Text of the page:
Fikz's cabbage creativity dispels vegetable myth
If you haven't encountered a terrible joke about cabbage being the only food we can afford this month, you're blessed. Just like the tradition of going home for the holidays, so too is the cabbage joke.
There have been foodies and chefs who've decided to bust the myth that cabbage is struggle food, and one of them is Fikile "Fikz" Cynthia Zungu.
Zungu believes that with a little creativity, cabbage goes a long way. The self-taught cook has even created a cabbage bread. I came across her fun and colourful recipes on Twitter following a thread on aforementioned cabbage jokes.
The 40-year-old Soweto-born Zungu is now based in Belgium. She's been in that country since 2010. She worked as a maid and was promoted two years ago to being a private cook to the South African ambassador to Belgium. She's started her own brand called Maid to Cook.
"I'm a self-taught cook and honestly, for now I cannot say I have any challenges with being self-taught. Maybe in the future I might encounter some challenges because something in my cooking journey will require me to have a certain paper to show that I can cook," she says.
But for now, that is not holding her back. Zungu shares her scrumptious banting recipes on Twitter, she's jovial and doesn't mind sharing her recipes with her followers and is constantly giving feedback on dishes she's tagged on. When asked what common mistakes people make when cooking from a recipe, she says that they follow it to the letter.
"Firstly, a cooking recipe is not like a baking recipe, with cooking some rules can be broken. People should keep in mind that a recipe is just a guiding tool and it is their responsibility to bring or create the taste according to your taste buds. Adding a twist to a recipe is not bad, that is how you learn how to cook and bring your own preferred flavours to a dish," she says.
She goes on to say that foodies should also bear in mind that stoves, equipment and measurements are not universal, and applying one's knowledge is paramount. The spunky social media friendly cook says her kasi roots are what made her - her favourite food is pap and amaqina.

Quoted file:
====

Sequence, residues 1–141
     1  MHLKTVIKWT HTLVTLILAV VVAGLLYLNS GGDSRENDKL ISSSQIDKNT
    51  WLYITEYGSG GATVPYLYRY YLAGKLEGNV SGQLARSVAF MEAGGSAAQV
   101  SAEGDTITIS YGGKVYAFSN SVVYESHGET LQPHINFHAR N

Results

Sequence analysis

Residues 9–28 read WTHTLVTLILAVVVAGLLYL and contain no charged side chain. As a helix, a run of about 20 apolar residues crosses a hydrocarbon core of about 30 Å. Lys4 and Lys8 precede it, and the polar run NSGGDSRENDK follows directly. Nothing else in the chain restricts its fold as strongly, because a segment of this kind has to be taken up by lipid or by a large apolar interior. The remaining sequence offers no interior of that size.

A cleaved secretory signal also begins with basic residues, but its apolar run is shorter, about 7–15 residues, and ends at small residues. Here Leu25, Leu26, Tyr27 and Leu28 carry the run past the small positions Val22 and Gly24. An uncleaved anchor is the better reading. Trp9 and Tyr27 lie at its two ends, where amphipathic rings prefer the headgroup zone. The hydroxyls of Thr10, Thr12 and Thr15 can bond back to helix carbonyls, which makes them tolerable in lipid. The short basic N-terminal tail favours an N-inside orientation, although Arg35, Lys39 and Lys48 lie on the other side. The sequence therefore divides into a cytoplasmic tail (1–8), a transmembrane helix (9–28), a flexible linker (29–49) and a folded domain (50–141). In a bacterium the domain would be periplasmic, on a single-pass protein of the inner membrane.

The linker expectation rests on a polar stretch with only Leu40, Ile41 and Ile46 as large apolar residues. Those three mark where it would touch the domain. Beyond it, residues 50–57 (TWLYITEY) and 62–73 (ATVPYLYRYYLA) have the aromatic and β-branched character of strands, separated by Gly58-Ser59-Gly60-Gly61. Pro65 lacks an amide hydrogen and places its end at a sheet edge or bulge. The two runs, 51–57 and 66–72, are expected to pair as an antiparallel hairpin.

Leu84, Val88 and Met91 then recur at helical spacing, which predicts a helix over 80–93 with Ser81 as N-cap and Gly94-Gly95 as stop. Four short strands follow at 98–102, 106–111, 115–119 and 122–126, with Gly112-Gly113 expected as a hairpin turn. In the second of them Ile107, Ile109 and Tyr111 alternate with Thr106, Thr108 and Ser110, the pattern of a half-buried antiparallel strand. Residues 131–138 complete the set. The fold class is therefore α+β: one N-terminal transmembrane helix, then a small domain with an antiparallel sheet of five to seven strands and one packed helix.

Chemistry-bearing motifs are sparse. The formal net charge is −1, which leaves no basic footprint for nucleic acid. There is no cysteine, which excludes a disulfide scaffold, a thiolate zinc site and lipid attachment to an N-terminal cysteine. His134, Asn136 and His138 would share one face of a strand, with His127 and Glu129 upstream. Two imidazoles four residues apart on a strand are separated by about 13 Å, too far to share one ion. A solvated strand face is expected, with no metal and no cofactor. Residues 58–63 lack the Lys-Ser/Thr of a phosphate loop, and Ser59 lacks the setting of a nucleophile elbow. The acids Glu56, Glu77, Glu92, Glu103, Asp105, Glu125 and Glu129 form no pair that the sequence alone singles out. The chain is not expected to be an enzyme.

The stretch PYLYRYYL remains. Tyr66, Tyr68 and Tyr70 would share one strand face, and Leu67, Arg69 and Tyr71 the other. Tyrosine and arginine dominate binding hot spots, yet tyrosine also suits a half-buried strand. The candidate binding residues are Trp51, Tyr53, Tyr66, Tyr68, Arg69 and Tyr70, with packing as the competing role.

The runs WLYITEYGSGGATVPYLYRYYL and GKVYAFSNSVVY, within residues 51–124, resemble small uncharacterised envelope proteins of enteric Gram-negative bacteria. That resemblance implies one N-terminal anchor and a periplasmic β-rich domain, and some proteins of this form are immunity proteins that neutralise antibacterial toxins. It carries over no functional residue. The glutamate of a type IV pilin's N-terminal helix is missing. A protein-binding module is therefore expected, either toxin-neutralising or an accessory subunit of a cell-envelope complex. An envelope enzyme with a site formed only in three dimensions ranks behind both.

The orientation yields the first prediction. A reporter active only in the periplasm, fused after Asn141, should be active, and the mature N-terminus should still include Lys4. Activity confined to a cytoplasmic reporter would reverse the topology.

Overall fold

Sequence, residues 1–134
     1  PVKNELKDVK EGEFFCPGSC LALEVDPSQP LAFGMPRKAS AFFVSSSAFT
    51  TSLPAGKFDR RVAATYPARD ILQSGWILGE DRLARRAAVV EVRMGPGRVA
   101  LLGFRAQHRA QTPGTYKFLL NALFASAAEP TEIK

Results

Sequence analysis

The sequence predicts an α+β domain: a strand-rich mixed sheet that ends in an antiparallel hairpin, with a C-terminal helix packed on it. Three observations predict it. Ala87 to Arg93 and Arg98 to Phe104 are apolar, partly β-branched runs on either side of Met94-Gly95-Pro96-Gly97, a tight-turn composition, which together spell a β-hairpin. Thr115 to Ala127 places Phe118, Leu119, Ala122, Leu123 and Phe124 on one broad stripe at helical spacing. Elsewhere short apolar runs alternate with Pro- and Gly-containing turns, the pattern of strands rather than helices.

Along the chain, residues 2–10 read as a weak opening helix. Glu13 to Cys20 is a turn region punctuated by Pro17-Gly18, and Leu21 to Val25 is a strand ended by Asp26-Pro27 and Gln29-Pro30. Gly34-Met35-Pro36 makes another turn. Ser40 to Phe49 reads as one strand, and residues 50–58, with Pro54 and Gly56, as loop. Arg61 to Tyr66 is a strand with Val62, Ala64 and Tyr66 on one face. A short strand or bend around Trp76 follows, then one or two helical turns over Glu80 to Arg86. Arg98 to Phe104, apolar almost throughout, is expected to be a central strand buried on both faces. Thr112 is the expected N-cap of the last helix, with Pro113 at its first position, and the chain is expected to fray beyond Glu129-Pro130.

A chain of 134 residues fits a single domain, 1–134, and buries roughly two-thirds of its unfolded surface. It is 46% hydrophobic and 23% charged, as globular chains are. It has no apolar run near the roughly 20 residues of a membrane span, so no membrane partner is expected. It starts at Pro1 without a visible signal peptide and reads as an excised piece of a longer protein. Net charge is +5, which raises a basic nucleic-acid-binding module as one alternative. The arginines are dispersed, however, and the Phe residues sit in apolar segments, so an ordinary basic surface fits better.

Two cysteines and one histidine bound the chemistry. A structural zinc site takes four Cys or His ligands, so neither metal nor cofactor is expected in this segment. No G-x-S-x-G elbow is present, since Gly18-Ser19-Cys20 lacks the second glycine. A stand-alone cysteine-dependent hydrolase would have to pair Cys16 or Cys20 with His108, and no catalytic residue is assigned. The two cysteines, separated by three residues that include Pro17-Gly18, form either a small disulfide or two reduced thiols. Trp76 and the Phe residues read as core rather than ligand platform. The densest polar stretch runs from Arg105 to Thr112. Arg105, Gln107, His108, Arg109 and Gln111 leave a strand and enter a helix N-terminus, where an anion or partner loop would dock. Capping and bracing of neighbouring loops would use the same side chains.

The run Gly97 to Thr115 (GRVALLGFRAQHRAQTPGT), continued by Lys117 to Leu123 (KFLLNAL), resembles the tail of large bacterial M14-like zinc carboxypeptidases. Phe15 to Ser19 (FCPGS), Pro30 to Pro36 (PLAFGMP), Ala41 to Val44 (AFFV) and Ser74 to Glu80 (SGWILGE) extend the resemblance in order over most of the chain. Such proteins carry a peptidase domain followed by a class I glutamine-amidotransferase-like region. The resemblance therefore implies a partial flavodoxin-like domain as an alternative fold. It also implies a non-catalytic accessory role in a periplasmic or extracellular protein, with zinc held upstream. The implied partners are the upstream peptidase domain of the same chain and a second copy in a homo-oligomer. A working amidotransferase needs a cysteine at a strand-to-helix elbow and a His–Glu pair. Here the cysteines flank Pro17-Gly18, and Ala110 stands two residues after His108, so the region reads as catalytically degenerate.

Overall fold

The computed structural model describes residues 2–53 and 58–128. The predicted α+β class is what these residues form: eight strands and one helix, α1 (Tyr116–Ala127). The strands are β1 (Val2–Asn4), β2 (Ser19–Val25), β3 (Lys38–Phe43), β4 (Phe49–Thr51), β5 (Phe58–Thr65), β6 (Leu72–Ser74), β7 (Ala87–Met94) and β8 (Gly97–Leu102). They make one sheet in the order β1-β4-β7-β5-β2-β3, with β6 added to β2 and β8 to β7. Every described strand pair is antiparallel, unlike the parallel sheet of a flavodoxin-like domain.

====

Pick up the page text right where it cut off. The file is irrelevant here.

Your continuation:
"When I eat that it takes my mind back to ekasi and gosh, I love being a kasi girl. I live in Belgium but the kasi in me never dies, it lives in me."
Zungu approaches food in her own unique way, she's scared of watching cooking shows because she believes they'll water down her audacity to test out new things.
"I'm good at inventing recipes, I know how to manipulate food. There are a lot of sauces and recipes that I have invented that I would love to go global," she proudly proclaims.
Zungu has big plans for herself. Firstly, she hopes to have her cook book, Maid To Cook (which is inspired by banting), published by March this year.
She's also hoping to clinch a brand ambassadorship, open a restaurant, start a banting cooking show, among other things, in the near future. It's a wish list that is a testament to her vision for herself.
"Before cooking, my life had no meaning, no dreams. I never thought of myself as someone who would be able to turn her future around as I did. My life was empty, but now there is more to life for Fikz. I'm on fire, I'm unstoppable, I have dreams for my future, now I'm relevant, I am the story, I'm here to inspire and I am inspired by my own story."
Zungu has shared some tips and recipes for those who have a taste for cabbage and those who are looking for some fresh meat-free recipes. "Don't just boil or steam vegetables, add some spices, cook them with wine, add lemon, honey and some garlic butter."
Cabbage bread recipe
3 cups of chopped cabbage
2 tbsp pure butter
Handful cheese (you can use any ingredient to pimp your cabbage bread up so it tastes nice)
Pinch of salt
Mix the ingredients together, then smear the butter in a square-shaped container.
Scoop enough of the cabbage mixture and flatten it with a spoon evenly.
Microwave for four minutes (continue the same process with the remaining mixture).
From the microwave, lay the breads in an oven pan and bake on 180 degrees until the bread is dry. Keep pressing it with a spatula for it to release the moisture.
Then make the sishebo.
They complement the bread and bring flavour to it.
¼ cup white wine
dry herbs (if you want)
Mix everything together but not the red cabbage yet.
Fry according to your preferred texture of the cabbage. Then add the red cabbage and fry it all together 2-3 min.
Chop the cabbage and red onion and fry with garlic butter, season with garlic powder, coriander and salt (add eggplant when cabbage is about ready)
Fry till your required texture of the cabbage. On the side blanch the green beans and remove from water. Boil carrots till semi- soft. Then mix everything in pan.
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